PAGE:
It would be easy to make too much of the similarities between Robert F. Kennedy, who died on the night when the Democratic presidential nomination came within his grasp, 40 years ago today, and Barack Obama, who has just firmly taken hold of it. The times are different, and so are the men. But then again.
Hope, like greatness, is a thing some men have thrust upon them. They emerge as repositories for the finer yearnings of a confused and bitter nation, a mirror in which we see ourselves reflected not as the people we are, but as the people we would like to be—and may, because of them, inch slightly closer to becoming. Whether or not they are worthy of such faith is, in the end, less important than the fact that they inspire us to be more worthy ourselves.
This is why it's a mistake to dismiss Obama as being "only" inspirational. Despite the example set by our current president, competence is not all that difficult to come by in Washington, DC. (In fact, our permanent civil service could get most things done much more effectively without any political leadership at all.) But someone who can make us believe that this country of ours might actually pull itself together and become a little bit more compassionate or a little bit more just, someone who encourages us to dedicate ourselves to that goal rather than to just lowering our taxes or paying less for gasoline—that's something found far more rarely inside the Beltway.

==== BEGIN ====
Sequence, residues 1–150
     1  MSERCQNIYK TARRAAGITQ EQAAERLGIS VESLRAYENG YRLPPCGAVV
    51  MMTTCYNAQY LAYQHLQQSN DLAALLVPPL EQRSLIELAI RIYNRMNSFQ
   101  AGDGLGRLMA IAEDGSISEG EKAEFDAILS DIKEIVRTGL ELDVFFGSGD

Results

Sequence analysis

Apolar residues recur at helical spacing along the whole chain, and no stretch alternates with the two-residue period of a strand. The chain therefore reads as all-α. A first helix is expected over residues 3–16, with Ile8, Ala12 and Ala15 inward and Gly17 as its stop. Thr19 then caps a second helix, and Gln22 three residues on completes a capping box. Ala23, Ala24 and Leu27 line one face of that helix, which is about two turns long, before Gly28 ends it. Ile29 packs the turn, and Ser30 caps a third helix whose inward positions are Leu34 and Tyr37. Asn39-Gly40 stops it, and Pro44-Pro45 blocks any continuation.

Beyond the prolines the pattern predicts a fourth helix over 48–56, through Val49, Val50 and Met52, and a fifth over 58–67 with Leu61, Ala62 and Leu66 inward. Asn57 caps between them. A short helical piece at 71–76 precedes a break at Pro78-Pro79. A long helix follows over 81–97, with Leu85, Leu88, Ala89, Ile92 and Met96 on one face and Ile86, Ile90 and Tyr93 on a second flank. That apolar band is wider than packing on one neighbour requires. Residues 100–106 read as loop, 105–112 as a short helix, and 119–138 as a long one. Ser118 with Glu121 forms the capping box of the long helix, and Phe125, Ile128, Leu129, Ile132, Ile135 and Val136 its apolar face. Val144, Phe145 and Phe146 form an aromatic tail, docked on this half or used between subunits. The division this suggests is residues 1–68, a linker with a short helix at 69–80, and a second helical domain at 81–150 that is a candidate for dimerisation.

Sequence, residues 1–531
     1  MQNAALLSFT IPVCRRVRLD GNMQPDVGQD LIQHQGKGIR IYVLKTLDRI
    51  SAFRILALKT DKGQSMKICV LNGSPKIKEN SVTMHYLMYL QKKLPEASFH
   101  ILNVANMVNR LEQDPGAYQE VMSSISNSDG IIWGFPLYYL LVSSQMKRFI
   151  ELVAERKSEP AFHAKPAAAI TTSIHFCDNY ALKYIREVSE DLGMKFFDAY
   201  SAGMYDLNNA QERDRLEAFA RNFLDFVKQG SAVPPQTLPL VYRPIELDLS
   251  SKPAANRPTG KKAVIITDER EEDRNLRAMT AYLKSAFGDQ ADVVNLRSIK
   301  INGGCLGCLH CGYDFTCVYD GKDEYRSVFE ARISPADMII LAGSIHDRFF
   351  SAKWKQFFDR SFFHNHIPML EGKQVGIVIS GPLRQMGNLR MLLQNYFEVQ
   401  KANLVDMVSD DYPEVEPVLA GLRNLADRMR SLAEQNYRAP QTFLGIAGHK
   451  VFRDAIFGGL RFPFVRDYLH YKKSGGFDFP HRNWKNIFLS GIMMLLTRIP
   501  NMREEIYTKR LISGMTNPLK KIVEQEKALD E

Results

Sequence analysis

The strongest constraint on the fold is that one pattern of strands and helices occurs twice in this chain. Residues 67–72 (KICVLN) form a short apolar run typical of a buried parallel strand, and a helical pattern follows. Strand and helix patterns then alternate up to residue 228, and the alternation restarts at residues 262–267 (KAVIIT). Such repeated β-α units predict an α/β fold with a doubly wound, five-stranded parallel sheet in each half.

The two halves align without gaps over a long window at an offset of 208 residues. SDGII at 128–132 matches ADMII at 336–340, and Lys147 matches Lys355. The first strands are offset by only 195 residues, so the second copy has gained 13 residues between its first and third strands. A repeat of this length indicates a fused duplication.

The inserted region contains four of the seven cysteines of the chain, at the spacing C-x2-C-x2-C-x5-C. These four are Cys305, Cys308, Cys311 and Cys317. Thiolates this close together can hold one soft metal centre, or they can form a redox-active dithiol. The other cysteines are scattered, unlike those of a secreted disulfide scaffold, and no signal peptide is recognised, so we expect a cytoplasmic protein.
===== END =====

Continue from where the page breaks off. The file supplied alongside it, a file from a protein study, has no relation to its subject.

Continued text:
For my generation, I suppose that someone was Bobby Kennedy, though I'm not sure I realized it at the time. On the war, there wasn't much difference between Kennedy and his rival on the left, Eugene McCarthy. They both wanted to get us out of Vietnam. VP Hubert Humphrey may have been the insider candidate, but he came out of the highly progressive Minnesota Democratic-Farmer-Labor Party (as did McCarthy, and late Senator Paul Wellstone), and hewed to a liberal platform that would seem radical by the standards of today's post-Democratic Leadership Council Democratic Party. By contrast, Bobby Kennedy, in many ways, had only recently evolved into a true progressive. And some saw Kennedy, who got into the race only after Lyndon Johnson's poor performance in the New Hampshire primary, as an opportunist who was strong on rhetoric but short on substance.